The persons now indicted were Thomas Muir and the Rev. Thomas Fyshe Palmer. Muir was a young advocate, only eight-and-twenty years of age. He was brought to trial at Edinburgh, on the 30th of August, 1793. He was charged with inciting people to read the works of Paine, and "A Dialogue between the Governors and the Governed," and with having caused to be received and answered, by the Convention of Delegates, a seditious address from the Society of United Irishmen in Dublin, to the Delegates for promoting Reform in Scotland. He was also charged with having absconded from the pursuit of justice, and with having been over to France, and with having returned in a clandestine manner by way of Ireland. To these charges Muir replied that he had gone to France after publicly avowing his object, both in Edinburgh and London, that object being to endeavour to persuade the French Convention not to execute Louis XVI.; that when in Paris he urged this both on the ground of humanity and good policy, as tending to make constitutional reform easier, as well as the keeping of peace with England; that the sudden declaration of hostilities whilst there had warned him to return, but had closed up the direct way; that that was the reason of his taking a vessel from Havre to Ireland; that he had, however, returned publicly, and surrendered himself for trial at the earliest opportunity.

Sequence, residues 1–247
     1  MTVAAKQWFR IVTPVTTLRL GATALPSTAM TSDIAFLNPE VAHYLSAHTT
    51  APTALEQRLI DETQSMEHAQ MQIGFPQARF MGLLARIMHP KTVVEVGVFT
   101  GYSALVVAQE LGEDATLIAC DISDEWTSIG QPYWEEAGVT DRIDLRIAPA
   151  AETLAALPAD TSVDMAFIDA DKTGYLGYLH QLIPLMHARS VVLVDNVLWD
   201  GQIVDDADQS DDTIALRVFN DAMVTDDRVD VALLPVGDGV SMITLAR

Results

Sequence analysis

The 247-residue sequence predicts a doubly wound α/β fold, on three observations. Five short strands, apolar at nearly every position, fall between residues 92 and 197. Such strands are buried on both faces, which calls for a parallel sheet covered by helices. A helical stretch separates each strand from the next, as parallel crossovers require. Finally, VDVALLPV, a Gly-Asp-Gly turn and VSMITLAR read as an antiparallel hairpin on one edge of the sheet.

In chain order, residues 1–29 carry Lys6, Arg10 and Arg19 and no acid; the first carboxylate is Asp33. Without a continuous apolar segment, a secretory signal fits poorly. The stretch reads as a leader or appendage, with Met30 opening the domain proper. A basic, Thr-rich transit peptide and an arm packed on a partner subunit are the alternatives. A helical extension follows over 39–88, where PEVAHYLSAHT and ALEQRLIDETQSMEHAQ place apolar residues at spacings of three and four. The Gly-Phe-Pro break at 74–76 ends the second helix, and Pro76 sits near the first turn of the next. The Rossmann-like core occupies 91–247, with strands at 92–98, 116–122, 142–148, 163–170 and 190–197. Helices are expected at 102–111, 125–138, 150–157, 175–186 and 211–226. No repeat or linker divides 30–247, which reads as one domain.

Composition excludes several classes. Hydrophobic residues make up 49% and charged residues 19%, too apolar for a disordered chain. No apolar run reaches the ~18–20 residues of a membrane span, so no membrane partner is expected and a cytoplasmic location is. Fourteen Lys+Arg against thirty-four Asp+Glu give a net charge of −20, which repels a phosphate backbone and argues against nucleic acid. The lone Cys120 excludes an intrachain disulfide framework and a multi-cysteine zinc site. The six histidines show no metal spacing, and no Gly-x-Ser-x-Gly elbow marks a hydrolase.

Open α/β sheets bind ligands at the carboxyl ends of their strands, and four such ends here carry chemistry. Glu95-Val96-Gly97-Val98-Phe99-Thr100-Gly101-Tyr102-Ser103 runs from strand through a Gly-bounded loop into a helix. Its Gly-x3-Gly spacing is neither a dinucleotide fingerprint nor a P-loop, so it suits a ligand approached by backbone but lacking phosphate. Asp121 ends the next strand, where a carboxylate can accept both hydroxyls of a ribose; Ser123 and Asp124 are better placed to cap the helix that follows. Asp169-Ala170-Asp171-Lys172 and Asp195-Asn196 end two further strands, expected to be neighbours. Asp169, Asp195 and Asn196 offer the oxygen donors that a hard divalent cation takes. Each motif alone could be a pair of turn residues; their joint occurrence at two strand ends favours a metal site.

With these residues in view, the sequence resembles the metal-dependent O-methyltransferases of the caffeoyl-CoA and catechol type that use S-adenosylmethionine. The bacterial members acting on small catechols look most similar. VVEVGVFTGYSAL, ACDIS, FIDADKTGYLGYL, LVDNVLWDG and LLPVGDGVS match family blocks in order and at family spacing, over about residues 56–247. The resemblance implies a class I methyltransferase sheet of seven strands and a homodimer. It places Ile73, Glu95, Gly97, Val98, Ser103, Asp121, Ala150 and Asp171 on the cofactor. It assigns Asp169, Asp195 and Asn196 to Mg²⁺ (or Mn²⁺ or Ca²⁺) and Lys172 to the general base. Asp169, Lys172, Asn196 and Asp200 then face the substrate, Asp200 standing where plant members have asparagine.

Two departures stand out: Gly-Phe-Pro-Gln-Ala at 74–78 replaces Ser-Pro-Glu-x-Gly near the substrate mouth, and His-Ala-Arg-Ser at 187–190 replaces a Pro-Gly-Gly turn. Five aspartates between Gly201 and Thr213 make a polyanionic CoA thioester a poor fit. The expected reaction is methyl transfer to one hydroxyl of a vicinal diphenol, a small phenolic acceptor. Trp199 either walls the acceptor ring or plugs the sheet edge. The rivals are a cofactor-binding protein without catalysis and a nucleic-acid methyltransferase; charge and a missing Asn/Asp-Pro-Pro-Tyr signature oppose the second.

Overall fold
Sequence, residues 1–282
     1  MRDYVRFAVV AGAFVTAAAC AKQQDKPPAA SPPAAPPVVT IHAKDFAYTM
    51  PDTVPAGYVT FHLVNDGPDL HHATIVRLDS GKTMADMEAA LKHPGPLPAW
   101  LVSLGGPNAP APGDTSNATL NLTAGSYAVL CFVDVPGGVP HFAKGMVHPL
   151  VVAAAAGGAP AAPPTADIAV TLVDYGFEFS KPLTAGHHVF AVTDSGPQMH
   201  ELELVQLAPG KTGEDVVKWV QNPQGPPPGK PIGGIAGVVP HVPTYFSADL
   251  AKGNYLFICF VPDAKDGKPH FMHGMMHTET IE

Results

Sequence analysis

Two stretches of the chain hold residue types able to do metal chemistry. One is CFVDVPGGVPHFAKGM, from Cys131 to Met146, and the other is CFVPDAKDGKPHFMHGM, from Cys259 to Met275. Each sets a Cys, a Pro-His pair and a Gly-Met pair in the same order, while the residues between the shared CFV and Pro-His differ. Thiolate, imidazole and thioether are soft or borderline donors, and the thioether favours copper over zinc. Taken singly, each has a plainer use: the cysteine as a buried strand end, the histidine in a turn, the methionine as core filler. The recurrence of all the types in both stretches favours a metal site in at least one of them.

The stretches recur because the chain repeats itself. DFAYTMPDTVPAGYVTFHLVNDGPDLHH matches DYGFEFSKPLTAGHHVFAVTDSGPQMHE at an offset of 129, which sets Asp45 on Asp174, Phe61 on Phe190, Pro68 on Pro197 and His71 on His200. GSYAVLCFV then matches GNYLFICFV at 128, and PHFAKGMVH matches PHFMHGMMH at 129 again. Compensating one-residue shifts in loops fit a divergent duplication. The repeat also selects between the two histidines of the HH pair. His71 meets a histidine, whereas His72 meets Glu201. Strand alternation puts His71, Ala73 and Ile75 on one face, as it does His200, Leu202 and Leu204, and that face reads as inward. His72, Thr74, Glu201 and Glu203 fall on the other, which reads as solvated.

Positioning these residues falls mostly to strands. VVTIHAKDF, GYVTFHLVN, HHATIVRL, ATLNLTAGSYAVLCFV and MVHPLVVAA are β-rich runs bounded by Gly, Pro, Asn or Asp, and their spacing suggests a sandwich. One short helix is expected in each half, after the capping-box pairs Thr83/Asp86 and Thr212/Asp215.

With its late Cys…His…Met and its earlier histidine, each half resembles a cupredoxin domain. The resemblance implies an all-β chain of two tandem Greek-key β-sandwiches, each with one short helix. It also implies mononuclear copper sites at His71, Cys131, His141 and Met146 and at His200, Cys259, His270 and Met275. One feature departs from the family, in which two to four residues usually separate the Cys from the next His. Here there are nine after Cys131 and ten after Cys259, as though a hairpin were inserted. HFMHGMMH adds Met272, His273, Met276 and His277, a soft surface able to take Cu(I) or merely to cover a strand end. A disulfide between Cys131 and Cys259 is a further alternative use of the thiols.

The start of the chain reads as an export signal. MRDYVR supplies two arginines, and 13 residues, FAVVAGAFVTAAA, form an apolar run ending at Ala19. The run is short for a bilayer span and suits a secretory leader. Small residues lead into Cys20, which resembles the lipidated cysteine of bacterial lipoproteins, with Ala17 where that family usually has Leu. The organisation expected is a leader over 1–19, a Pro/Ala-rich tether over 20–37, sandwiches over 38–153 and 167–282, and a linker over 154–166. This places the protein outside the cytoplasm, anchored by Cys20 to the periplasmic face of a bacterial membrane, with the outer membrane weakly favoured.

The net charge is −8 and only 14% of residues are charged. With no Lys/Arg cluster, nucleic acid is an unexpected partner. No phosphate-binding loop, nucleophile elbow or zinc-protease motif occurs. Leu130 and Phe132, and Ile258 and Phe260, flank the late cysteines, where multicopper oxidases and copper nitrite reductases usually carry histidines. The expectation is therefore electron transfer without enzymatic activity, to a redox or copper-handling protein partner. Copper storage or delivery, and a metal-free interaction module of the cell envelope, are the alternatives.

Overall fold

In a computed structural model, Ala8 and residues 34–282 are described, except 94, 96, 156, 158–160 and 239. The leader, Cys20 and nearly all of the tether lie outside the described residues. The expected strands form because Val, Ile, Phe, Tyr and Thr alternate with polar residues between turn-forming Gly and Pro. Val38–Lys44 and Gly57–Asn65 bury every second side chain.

Holland rose in exultation on the news of the overthrow of Buonaparte at Leipsic. His dominion over that country had been a bitter thraldom. Its sons had been dragged yearly, by conscription, to his great slaughter-houses called battle-fields in distant regions. Their trade had been crushed by his Continental system; their colonies seized by Great Britain; their mercantile sources thus dried upin fact, he had squeezed the wealth and the life out of Holland as out of a sponge, and hordes of French officials maintained an insolent dominance all over the country. At news of the Russian disasters, the Dutch had risen to throw off this hateful and ruinous yoke; but the French forces in Holland had then been sufficient to put them down, and to severely punish them for the attempt. But the necessities in Germany had nearly drained Holland of French troops, and they now rose once more joyfully at Amsterdam, on the 15th of November, and at the Hague on the 16th. They received the most prompt assurances of assistance from Great Britain. A man-of-war was immediately put at the service of the Prince of Orange, and after a nineteen years' exile he embarked on the 25th, and entered Amsterdam on the 1st of December as King of Holland, amid the most enthusiastic acclamations. An army of twenty-five thousand men was soon enrolled; the Allies were at hand; the French authorities fled, after laying hands on all the booty they could carry off; and with the exception of the fortress of[73] Bergen-op-Zoom, the country was speedily cleared of them.